Pakistan ranks sixth amongst the 22 tuberculosis high-burden countries in the world, accounting for one of the major health problems in Pakistan.
Substance abuse is the most commonly reported behavioral risk factor among tuberculosis patients. The study was done at the Indus Hospital TB program Karachi. Rationale of the study was to find out the frequent use of substances among patients.
Cigarette smoking (up to pack/day) as a most common addiction was seen particularly among male patients as compared to females, who were found to be addicted to pan and ghutka. Moreover, niswar, chewable tobacco, alcohol and hashish were also reported by males.
Counseling setup in the Indus Hospital TB program provided special counseling to these patients about adverse reactions of substances in TB treatment and general health to ensure treatment compliance.
Anyone can contract tuberculosis, but there are a few dynamics which may increase risk of the disease. A number of diseases like HIV, diabetes, cancers and other factors such as poverty, malnutrition, living and working in crowded and unhealthy regions and also an addiction to different substances weaken the immune system and make it more vulnerable to tuberculosis.
DIFFERENT PERSPECTIVE FROM DIFFERENT PATIENTS
Interesting responses were collected from the patients interviewed for the study. The following questions were asked:
Do you use any substance or not?
At what age did you start?
Why did you start?
The majority of patients started using substances at the age of 14 due to the peer pressure and to try out a new experience which seems adventurous, fascinating to them, whereas for some patients, they learned to do so by observing their parents and other elders living in close contact.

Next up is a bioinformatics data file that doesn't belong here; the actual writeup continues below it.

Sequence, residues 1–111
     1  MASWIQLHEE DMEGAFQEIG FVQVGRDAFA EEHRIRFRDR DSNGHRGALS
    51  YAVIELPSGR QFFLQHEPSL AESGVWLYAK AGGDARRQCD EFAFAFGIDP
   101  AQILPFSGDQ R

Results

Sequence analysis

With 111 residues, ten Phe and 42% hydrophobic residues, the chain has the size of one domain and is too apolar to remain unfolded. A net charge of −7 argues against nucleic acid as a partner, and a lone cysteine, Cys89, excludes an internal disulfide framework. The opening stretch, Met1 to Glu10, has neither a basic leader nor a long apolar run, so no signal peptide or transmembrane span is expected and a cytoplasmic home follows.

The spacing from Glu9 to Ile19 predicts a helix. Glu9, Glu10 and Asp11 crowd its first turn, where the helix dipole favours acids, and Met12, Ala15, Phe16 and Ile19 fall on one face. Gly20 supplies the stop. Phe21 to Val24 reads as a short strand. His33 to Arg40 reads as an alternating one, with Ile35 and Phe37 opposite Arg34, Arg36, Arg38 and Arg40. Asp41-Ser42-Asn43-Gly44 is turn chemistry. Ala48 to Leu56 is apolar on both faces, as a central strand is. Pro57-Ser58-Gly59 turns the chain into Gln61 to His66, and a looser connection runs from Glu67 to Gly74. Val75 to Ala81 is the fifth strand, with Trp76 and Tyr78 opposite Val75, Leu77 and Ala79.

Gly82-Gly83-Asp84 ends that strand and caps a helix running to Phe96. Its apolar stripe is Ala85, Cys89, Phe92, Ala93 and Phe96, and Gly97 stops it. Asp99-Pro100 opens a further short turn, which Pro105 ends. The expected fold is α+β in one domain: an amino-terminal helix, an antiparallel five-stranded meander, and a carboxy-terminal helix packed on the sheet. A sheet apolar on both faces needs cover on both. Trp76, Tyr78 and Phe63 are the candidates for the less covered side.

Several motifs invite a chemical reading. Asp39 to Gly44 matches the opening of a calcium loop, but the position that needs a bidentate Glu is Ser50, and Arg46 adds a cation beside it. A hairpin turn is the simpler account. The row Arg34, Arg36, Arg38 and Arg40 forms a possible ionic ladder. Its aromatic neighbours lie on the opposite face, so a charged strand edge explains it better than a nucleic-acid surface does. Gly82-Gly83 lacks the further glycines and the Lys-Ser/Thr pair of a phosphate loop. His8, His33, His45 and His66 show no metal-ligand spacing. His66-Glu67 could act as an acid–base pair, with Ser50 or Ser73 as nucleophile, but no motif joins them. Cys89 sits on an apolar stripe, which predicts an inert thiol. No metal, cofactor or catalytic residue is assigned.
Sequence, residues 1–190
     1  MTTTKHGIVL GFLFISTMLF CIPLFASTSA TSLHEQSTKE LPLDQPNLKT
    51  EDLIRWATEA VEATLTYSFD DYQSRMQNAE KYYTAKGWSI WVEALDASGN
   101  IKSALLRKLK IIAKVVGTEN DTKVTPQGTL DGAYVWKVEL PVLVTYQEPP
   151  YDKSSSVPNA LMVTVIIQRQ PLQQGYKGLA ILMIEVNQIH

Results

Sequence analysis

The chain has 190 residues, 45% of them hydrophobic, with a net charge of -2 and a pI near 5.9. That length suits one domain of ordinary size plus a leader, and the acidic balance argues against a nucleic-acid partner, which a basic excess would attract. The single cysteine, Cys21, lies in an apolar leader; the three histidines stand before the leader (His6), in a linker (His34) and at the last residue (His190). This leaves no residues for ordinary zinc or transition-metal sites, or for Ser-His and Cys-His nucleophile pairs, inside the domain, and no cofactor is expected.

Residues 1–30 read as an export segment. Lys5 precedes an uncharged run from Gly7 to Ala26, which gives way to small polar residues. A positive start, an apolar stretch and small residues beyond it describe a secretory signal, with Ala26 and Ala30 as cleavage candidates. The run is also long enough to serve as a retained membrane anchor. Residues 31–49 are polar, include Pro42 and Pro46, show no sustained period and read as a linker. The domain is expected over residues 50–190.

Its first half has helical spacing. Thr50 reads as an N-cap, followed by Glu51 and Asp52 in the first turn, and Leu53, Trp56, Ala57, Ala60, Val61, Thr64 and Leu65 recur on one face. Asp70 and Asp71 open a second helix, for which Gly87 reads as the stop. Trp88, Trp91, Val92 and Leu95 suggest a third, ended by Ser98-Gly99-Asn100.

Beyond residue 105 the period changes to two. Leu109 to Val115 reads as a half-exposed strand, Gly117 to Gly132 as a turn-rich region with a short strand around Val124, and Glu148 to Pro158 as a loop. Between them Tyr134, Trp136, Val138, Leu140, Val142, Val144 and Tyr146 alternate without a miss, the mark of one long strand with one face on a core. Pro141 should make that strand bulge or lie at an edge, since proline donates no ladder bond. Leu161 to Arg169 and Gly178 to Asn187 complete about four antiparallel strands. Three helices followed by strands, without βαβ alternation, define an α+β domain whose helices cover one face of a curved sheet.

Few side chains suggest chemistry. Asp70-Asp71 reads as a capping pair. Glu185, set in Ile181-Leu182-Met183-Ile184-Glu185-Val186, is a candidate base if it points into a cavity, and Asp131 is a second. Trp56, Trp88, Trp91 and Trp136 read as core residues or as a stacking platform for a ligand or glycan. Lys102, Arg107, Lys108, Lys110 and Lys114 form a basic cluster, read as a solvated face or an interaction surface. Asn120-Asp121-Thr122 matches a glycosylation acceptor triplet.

For many patients substances, predominantly smoking, serve as a relaxant and an approach of coping with stress like economic, personal and social problems. On the other hand, truck and bus drivers smoke because this keeps their minds alert and they remain awake during driving for hours. Some have tried to quit, but returned to cigarettes due to withdrawal symptoms.
Some patients also use smoking as a treatment for their gastrointestinal problems; in particular for digestion, they take it immediately after meals.
PREVENTION IS BETTER THAN CURE
Addiction is a habit that is difficult to break; hospitals and substance abuse programs need to work hand-in-hand since substance abuse is associated with negative treatment outcomes. Effective interventions and referral mechanism need to be developed by hospitals to address the need of patients who abuse substances.
About the author: Zainab Barry is a clinical psychologist at The Indus Hospital and consultant clinical psychologist at the Life Care Consultant Clinic.